The Cephas Williams Undertaking accommodates letters from black boys to their future selves

Cephas Williams and the mental health charity Mind of Hammersmith, Fulham, Ealing and Hounslow in London have teamed up a year after the murder of George Floyd to spread a message of hope for black boys in the community.

The World I Want to See is a collection of letters that emerged from a series of workshops jointly conducted by Williams and professionals from HFEH Mind. In the workshops, black boys wrote letters to their older selves about the world they would like to see and what they need to do to create it.

By writing, it was hoped the boys could explore and process their thoughts and feelings, especially considering the impact of the pandemic and the shocking murder of George Floyd last year. In addition to reflecting on the past, the boys were asked to write about the type of world they would like to see, what needs to change in the world to make it a better place, and who they need to be to be to achieve this vision a reality.

Williams was central to the project and workshops, sharing his own journey – of both struggles and successes – as a young black man growing up in London. As part of the program, HEFH Mind links key points in Williams' history with issues relating to mental health and wellbeing.

For the poster series, Williams also photographed eight of the boys, with the pictures attached to the letters on the posters shown on Clear Channel websites across the UK.

The project follows Williams' Letter to Zion, a public letter to his son who was born to George Floyd during the protests and expresses his hopes and dreams for his son's future. His letter and the picture of him holding his son were featured on billboards across the country last year. Last year Williams also launched Let's Not Forget, a campaign in response to Floyd's death and the protests he sparked.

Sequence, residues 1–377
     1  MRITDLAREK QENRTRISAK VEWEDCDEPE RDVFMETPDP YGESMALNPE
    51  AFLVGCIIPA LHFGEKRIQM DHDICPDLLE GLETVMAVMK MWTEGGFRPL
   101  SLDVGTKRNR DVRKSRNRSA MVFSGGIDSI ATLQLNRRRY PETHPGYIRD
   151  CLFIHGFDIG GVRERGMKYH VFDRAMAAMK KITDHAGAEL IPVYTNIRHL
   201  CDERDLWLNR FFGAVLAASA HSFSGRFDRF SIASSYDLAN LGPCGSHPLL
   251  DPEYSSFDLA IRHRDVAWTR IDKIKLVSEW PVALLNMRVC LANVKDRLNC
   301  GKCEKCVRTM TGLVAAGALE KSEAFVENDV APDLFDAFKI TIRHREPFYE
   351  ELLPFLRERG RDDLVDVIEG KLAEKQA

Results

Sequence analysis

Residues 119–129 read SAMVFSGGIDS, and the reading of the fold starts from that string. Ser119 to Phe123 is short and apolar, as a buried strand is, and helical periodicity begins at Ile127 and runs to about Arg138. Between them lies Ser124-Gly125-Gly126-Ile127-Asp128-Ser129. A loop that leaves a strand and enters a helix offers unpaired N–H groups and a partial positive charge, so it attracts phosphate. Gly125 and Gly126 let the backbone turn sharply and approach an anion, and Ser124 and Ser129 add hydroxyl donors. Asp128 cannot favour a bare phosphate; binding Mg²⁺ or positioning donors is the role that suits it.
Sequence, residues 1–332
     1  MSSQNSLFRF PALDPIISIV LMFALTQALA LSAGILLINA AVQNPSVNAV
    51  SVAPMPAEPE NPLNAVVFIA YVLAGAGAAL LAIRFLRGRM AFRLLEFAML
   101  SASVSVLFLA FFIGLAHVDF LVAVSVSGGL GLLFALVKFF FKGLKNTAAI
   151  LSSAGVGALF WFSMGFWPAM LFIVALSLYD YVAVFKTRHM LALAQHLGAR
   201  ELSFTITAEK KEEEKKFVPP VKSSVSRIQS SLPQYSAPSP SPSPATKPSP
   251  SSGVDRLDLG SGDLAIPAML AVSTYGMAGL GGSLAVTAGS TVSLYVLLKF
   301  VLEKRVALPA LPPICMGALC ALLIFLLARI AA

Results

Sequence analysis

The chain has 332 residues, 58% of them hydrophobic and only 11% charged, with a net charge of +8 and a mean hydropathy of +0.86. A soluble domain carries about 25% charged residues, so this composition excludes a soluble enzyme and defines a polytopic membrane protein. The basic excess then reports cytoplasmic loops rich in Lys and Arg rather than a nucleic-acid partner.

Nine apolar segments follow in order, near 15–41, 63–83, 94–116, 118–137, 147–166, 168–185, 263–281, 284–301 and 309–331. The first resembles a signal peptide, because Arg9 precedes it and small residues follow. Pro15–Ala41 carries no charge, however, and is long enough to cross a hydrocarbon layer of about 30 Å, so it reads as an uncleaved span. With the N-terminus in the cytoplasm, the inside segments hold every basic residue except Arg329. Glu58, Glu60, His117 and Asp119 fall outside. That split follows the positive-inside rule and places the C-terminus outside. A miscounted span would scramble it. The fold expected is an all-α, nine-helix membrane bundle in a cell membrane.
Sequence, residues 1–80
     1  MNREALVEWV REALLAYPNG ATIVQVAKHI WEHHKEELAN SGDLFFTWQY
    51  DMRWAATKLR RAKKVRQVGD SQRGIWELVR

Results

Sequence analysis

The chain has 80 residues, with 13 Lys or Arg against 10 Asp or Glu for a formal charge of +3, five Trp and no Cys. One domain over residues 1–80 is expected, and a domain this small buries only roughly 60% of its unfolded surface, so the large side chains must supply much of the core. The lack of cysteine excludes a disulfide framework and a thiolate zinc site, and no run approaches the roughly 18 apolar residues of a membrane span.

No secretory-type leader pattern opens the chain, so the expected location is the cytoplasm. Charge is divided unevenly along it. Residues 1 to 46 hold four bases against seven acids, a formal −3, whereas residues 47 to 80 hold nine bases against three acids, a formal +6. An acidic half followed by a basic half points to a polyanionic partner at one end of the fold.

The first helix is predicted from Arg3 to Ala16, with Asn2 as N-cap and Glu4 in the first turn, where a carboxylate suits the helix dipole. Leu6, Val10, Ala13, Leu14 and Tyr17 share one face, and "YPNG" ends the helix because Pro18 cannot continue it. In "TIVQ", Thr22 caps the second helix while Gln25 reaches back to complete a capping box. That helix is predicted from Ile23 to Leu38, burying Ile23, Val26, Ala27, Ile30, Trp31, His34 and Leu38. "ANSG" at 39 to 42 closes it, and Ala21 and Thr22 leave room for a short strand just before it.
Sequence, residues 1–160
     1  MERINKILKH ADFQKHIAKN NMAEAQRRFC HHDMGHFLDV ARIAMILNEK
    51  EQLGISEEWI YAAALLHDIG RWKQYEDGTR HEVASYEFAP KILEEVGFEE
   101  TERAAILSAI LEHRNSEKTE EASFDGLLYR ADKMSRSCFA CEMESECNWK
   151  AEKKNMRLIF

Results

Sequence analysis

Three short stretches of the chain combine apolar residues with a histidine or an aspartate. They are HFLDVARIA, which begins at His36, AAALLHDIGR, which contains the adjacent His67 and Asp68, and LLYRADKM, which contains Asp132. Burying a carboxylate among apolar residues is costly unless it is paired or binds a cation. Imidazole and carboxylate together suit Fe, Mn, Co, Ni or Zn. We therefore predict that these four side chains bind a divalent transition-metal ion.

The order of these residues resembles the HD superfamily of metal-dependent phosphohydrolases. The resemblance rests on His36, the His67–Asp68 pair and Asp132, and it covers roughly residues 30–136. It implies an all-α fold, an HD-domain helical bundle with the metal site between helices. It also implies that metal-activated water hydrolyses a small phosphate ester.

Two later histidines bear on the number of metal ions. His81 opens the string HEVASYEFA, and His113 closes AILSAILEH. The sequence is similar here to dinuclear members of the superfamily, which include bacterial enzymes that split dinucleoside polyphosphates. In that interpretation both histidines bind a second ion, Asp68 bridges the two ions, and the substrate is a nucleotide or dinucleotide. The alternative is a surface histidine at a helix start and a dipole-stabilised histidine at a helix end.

"It's great to see an organization like HFEH Mind taking the conversation about people in the black community seriously," says Williams. “After all of the commitments companies made over the last year and the visibility of the Black Community, it is obvious that we are far from where we need to be and that we now need to focus more than ever on emotional wellbeing mental resilience of people in the black community and the unresolved trauma that many of us have faced for years.

“From this program it has become even clearer that many of the boys do not see this light often at the end of the tunnel and even within their generational experience, or observe discrimination and racism in the education system and in society at large. It is important that this work does not stop there, but rather changes the education system significantly to promote the well-being of the black boys affected. "

HFEH Mind creates a toolkit in consultation with the Black Boys participating in the workshop and the co-production group of the charity's service users. The toolkit will take inspiration from the world I want to see and better equip schools to fight racism and support those affected.

To learn more about the toolkit, visit